We spent time reading aloud (when Daisy felt up to it - she had it the worst), watching movies, reading quietly, playing board games, doing puzzles and flopping around in the family room. We drank chicken broth, and enjoyed a few days of the finest BRAT diet cuisine together. (If you add rice to chicken broth it's almost chicken soup!) Mr H was less sick; he worked in the yard and took walks when he felt up to it. We also discussed poo every day. We haven't had conversations like that since Daisy was potty trained.
Mr H pointed out that it was kind of like a cheap staycation. We had very little in food costs, we had to buy an extra package of toilet paper, and the water bill will probably be higher. I think I would have rather paid for a camp site and gas to get there.
Our mortgage balance is now zero.
I wrote about our relative, Lily, who died recently. She's left an inheritance and some of that has gone to pay off the mortgage.
I'd much rather have Lily back though. I miss her terribly.
A close, older family member, "Lily", recently died unexpectedly. While neither Mr H nor I are the executors of her estate, I am getting a close-up look of what happens with a person's money and possessions after they die.
Lily lived with another family member, and we went to the family member's house every day for a while. We've looked at old photographs (who are all these people?), called family and friends, gone to the court house to record the will, enjoyed the company of many family members and friends, passed around the kleenex, met with the church people to help plan the funeral, and eaten lots and lots. The family member that Lily lived with has a network of church and work friends who brought food to the house every day. Mr H made some of the phone calls to get insurance straightened out, and met with the cemetery folks to find out what would be involved in the burial. We discovered that there is a fee for everything connected with death. We both helped with some parts of the funeral, and helped entertain out-of-state family members.
Lily had some items that could be considered monetarily valuable, but it's surprising how many family members are just not interested in them. I have asked for one of Lily's cookbooks, and Lily herself gave Mr H her crèche set right before Christmas. (No, she was not ill.) For us, those two items have significant value.
Later this month I'm going to talk with Mr H about final things. We do have wills, but there are some parts of them that need changing and updating. I think I will look into cemetery plots, headstones, funeral homes and all that go with that. I don't anticipate that Mr H and I will move out of this area. Having a final resting place for us and having made some of the arrangements for that time will make it easier on Daisy when the time comes. Even though Lily and her husband bought plots many decades ago, Lily's husband requested to have his ashes scattered. She could never do that. He was still sitting in the living room (in an urn) when Lily died. When the paper work about the plots surfaced it made the decisions much easier for Lily’s children. They went both to the plots they purchased together, and have combined headstone. Having them be together has been a great comfort to some of the family. I am going to add “Final Things” as a goal on my side bar.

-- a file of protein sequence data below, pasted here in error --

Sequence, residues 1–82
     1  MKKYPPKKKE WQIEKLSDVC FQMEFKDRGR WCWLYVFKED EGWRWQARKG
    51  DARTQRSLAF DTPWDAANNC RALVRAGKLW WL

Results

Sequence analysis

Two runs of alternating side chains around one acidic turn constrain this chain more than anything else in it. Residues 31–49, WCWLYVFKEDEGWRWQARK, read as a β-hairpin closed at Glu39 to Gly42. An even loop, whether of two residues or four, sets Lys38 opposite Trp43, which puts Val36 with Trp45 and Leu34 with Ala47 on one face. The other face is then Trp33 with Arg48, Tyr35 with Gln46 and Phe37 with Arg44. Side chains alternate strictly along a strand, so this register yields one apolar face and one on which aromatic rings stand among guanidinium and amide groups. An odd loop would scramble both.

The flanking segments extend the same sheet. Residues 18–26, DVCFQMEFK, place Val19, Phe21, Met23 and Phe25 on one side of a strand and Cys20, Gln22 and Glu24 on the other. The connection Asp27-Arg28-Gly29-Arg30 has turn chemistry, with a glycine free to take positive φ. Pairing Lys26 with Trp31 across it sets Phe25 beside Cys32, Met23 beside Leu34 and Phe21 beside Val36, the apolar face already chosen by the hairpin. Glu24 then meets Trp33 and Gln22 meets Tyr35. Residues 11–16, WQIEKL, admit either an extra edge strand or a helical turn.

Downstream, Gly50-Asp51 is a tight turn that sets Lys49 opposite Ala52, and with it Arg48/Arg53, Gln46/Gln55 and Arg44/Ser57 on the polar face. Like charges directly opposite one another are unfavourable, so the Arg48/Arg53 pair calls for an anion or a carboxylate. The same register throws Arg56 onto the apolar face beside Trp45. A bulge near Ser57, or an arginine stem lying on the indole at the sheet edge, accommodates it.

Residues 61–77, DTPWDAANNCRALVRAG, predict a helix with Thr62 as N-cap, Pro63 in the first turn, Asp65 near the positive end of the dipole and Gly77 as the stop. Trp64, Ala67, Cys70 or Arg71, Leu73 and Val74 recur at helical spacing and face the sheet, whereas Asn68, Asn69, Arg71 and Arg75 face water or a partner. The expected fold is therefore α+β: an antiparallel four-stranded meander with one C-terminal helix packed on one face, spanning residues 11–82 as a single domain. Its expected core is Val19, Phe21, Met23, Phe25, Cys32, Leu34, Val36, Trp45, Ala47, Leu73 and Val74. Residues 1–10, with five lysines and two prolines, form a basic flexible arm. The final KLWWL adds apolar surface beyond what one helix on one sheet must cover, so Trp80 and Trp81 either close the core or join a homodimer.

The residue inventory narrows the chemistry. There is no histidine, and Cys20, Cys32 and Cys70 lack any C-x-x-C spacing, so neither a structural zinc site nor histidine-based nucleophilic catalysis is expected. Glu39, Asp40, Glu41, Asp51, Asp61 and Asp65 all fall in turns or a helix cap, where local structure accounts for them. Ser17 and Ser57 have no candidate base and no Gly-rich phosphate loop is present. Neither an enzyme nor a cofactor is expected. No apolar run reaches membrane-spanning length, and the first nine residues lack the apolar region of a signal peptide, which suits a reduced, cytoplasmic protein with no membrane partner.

I took Lily's library book back to the library and cancelled her library card. The only book she had checked out was called "Throw Out Fifty Things". How weird is that?
Here we are, on the third day of the year, and there is already progress on paying off the mortgage.
The regular payment was made on the first through the magic of auto-deduction. Plus, we discovered that the interest rate change in June hadn't been entered properly in Quicken, so we actually owe about $25 less than we thought. It's almost like paying extra.
New mortgage balance: $4887.17
Yes, it's true. WE really have a goal for 2011. It's as much Mr H's as mine. . . although it helps when you can see the finish line coming pretty quickly.
Our goal is to pay off our mortgage. As of today, December 30, 2010, we owe $4,990.38. Our mortgage payments themselves are very low – we bought our house 13.5 years ago using an ARM and just paid extra. When the mortgage re-amortizes every year our payment drops. We don't have a specific plan for paying it off, but as extra monies present themselves they'll be applied to the mortgage.
My mother asked me this the other day as I read something from my blog reader to her. She was visiting from out of state for Christmas.
I don't really like to lie to my mother, so I think I side stepped the question. Did I want to explain to her that I already have a few languishing blogs, including this one? No I did not.
But. . .
Thrift-o-rama recently commented on how blogging must be magic, because if you write it on your side bar magic seems to happen and the goal you were pursuing falls in your lap. When I started this blog almost three years ago my biggest money issue was really a relationship issue - how to get Mr H involved in our finances. In the early part of our marriage he was somewhat involved. I woke up one day about 10 years ago and realized that he was not involved at all – I was making all the decisions, paying all the bills – and dealing with all the stress – by myself. As time passed I realized that I could drop the bill paying on him without too much stress on either of our parts. I had set the finances up so the bill paying was all done using an account that didn't generally run short (the stressful part of bill paying) and Mr H excels at routine tasks. Paying the bills and making entries in quicken was easy for him (and he does something similar as part of his job) and also exposed him to our general finances. But he still wasn't really involved in financial decision making. He also wasn't very engaged in other parts of our mutual life that are outside the scope of this blog. I wrote several times about my attempts to get him involved in our financial life. Each attempt required planning, preparation and strategy. My attempts were somewhat successful although they did wear me out a bit.